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The Fed raises rates again by three-quarters of a point

Faced with inflation that is not slowing down in the United States, the American central bank (Fed) hit hard on Wednesday with a new sharp increase in its key rates in an attempt to curb inflation. However, she assured that she could avoid a recession.

The Fed’s Monetary Committee (FOMC) raised its key rates by three-quarters of a percentage point, as markets expected. These rates are now between 2.25% and 2.50%.

“Inflation is way too high,” said Fed chief Jerome Powell, acknowledging that the latest inflation barometer at 9.1% “was even worse than expected” by Fed members. This is the fourth consecutive hike: a quarter point in March, half a point in May, and three quarter points in June – its biggest rise since 1994.

And ‘the monetary committee anticipates that further increases in key rates will be appropriate’, commented the Fed in a press release. Mr Powell indicated that a further ‘unusually large’ hike may be needed at the next currency meeting in September.

The decision was taken unanimously by the twelve voting members. The Monetary Committee was complete, with no vacant seats, for the first time since 2013.

Relieve pressure on prices

The Fed, which usually operates by increases of a quarter of a point, proceeded to a new sharp increase, in an attempt to curb inflation which in June reached a new high for more than 40 years. The objective of these rate hikes is to make credit more expensive in order to slow down consumption and investment and, ultimately, to ease the pressure on prices.

‘Recent spending and production indicators have slowed’, concedes the Fed, referring in particular to consumption, the locomotive of the American economy. ‘However, job creations have remained robust in recent months, and the unemployment rate is still low’, also comments the FOMC, which again ensures that it is ‘very attentive to the risks of inflation’.

The Fed hopes to achieve a ‘soft landing’ but the long-awaited economic slowdown to drive prices down could prove too severe, which could weigh on the job market and even push the world’s largest economy into a recession .

‘No recession’

“We are not trying to cause a recession,” defended the boss of the Fed, assuring that the United States was not currently in recession. “We believe there is a way to lower inflation while supporting a strong job market,” he said, pressed by reporters to determine whether GDP in the world’s largest economy was falling. not on the verge of a contraction.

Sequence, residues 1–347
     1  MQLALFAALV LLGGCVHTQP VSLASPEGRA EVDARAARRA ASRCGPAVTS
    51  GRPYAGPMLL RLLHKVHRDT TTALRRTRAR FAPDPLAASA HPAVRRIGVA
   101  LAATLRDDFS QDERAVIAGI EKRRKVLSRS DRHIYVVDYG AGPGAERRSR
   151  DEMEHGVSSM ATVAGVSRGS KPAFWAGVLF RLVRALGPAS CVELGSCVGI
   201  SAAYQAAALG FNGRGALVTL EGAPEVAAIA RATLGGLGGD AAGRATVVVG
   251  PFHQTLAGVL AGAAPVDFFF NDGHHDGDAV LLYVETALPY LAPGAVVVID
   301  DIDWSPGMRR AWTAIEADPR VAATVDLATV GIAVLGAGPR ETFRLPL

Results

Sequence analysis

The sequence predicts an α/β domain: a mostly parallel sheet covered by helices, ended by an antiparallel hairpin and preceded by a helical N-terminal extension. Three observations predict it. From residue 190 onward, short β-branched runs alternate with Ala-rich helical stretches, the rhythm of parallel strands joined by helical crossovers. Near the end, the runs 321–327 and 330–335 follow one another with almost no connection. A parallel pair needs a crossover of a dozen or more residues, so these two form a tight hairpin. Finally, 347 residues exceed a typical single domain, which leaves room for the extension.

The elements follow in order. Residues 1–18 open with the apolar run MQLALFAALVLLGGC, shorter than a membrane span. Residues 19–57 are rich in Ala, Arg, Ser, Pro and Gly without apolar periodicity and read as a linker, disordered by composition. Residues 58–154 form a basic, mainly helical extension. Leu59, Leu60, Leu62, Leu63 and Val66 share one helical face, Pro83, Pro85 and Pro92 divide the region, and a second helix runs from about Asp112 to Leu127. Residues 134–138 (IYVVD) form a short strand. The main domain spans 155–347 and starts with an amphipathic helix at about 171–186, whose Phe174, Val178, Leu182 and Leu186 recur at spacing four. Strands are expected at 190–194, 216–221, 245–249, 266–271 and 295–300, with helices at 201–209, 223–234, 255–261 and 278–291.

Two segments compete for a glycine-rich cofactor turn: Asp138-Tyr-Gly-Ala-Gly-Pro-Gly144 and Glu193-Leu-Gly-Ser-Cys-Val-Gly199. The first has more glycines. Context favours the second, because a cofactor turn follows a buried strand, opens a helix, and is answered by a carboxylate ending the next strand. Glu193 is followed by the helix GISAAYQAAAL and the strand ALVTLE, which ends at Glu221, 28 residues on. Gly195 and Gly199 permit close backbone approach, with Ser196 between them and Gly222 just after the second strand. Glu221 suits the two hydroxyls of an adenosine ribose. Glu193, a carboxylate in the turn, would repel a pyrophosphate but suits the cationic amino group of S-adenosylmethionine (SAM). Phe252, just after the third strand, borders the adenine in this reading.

“Again I don’t think the US economy is in recession now,” added the official, however, highlighting “a slowdown in spending.”

‘We may be seeing a slight change in the labor market but this is only the beginning,’ he warned. The very low unemployment rate remained stable in June at 3.6% and job creations, which were still strong, slowed down. ‘Our goal (…) is to reduce inflation and achieve what is called a ‘soft landing’ which means without a significant increase in unemployment,’ Mr Powell said.

‘Prime’

The IMF, however, is less optimistic. “The current environment suggests that the possibility of the United States escaping recession is slim,” its chief economist, Pierre-Olivier Gourinchas, warned on Tuesday. The institution has significantly lowered its growth forecast for the United States in 2022 and now only expects 2.3%.

The evolution of the gross domestic product (GDP) in the second quarter will be published on Thursday. It could be very slightly positive, after a negative first quarter (-1.6%). But the risk of recession continues to weigh on the world’s largest economy.

Asked about the Fed’s initial slowness to react to rising prices, Mr Powell defended himself: ‘The situation has developed in a very unexpected way for all of us (…). I’m not sure it would have weighed if we had raised rates earlier. “Many central banks raised rates three months before and it had no effect,” he said.

On Wall Street, the indices welcomed the determination of the Fed and the assurance by Jerome Powell that the economy was not in recession. The Dow Jones climbed 1.64%, the Nasdaq 4.28% and the S&P 500 2.67% half an hour before the close. The dollar fell against major currencies.

/ATS

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